"...for the first time, Coretti knew what they were, what they must be. They were the kind you see in bars who seem to have grown there, who seem genuinely at home there. Not drunks, but human fixtures. Functions of the bar. The belonging kind."

Short (17 pages) Story published in Shadows 4, 1981 by William Gibson and John Shirley; later appears in Gibson's anthology Burning Chrome.

WARNING: Plot spoiler

The most interesting thing about The Belonging Kind is that it isn't part of Gibson's cyberpunk vision of the future, yet illustrates many of the qualities used to great effect by him in such works. The main character, Coretti, is a loser rather than a hero. We follow him through a never-ending series of bars, backstreets and hotels, sharing in the stalker experience as he tries to track down the mysterious "Antoinette", one of the eponymous Belonging Kind.

The "Belonging Kind" are shapeshifters, expert mimics, who change their appearance, voice, opinions and choice of drink to match perfectly their current venue and clientele- Coretti notices that when a pair of them are sitting together, they don't actually speak unless someone is within earshot, and they borrow from the conversations and vocal styles of those around them. Initially we are only introduced to one, a female (at least in human form) who calls herself "Antoinette" when Coretti first buys her a drink. Although he is startled by her ability to respond perfectly (Coretti is a linguist, a dialectologist that recognises the too-accurate shifts in style, the just-correct amounts of laughter) we do not learn of her shapeshifting until on impulse he follows her out onto the street and watches as she changes forms, ready for another venue. As the story progresses we learn more of the belonging kind- Coretti observes how alcohol consumption seems to have no effect on them; she meets up with another, male; their ability to make money, literally, disgorging damp bills from red gill-like slits and to extrude key-shapes from their palms to open doors; and finally their roosting in groups, the illusion of humanity utterly shattered in sleep.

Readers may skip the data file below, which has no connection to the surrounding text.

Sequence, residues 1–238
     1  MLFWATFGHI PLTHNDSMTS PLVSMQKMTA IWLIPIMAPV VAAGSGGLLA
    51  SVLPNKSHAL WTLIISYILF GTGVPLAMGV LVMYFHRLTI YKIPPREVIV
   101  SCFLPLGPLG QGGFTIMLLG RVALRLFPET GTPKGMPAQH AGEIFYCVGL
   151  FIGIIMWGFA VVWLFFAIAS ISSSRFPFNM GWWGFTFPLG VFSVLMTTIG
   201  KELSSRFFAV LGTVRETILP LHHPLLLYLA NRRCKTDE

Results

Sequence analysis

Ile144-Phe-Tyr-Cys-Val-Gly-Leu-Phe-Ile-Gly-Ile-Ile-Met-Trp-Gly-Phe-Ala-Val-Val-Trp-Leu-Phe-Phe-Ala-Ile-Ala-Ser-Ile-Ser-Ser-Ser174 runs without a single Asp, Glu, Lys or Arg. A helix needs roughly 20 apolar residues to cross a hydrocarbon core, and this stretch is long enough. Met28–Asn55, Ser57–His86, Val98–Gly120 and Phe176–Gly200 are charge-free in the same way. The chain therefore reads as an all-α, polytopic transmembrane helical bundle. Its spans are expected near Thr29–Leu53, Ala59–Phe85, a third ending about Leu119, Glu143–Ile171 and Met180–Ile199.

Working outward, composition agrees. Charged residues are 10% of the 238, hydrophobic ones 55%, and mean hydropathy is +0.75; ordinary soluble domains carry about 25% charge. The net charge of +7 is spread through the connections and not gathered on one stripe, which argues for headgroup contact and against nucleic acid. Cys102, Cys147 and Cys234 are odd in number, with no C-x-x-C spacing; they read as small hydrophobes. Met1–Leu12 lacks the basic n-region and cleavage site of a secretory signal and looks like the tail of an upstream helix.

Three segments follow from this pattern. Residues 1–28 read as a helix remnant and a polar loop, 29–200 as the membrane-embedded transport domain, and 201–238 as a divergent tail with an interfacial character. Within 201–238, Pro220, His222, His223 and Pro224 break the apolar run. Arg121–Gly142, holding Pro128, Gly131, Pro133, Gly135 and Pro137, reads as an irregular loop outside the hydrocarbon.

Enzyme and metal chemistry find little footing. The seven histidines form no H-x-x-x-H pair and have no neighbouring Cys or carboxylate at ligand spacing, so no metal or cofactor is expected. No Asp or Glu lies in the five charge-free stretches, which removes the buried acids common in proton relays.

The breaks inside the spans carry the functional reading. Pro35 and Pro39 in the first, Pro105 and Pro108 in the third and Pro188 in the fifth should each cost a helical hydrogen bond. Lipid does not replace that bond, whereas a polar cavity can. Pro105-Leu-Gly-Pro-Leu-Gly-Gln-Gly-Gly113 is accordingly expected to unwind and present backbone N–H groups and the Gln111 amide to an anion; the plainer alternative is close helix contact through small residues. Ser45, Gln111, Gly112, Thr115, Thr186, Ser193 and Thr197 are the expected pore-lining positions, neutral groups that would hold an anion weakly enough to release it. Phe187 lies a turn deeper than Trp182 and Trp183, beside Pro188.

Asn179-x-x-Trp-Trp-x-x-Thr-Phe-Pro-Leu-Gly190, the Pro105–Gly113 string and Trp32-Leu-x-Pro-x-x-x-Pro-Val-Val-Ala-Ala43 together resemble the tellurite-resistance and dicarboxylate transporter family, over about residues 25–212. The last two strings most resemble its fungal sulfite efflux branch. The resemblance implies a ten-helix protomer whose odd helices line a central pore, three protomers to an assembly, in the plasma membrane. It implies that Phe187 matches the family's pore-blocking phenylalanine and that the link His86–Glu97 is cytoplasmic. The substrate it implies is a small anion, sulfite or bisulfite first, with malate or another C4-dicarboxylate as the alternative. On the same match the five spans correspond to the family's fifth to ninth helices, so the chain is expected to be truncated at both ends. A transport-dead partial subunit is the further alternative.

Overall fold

The counter to this increasingly surreal picture is Coretti himself and the bars. Where the Belonging Kind always fit, Coretti never does- the clothes are wrong, his mannerisms out of place and his constant choice of Bourbon at odds with Antoinette's ever shifting drink of preference: the preference being that of the rest of the bar, rather than her own. The bars are described with an attention to minor detail that could be considered a hallmark of Gibson's work- just enough to ground the story in reality, to balance the bizarre goings on with recogniseable facets of our world. Coretti's pursuit of Antoinette is something we can understand too- the increasing grip of obsession with another, escalating from a late night chase through town to a constant search of every club and bar, the loss of his job, the inability to eat properly. All of this is perfectly conceivable, and helps contribute towards the necessary suspension of disbelief.

Inevitably, Coretti becomes one of the Belonging kind, the irony being that he fits in better as one of them than he ever did as a human, even one specialising in the science of conversation. By this point it is not necessary for his human character to provide the balance to the unreal mimics- they have become so extreme that even as one of them Coretti still somehow seems normal.

What is absent from this piece is just as interesting as what is present. It is really just a snapshot; a portrait of obsession and the outline of an intriguing idea. There is no technology involved, no clues as to a timeframe: whilst there are recognisable snippets of the present day such as Visa cards, neon and waterford crystal, Coretti's musings on their origins suggest that they have evolved from humans, presumably requiring a considerable length on time. Other than these thoughts, we are given no explanation as to where the Belonging Kind come from or how many there are.

CST Approved

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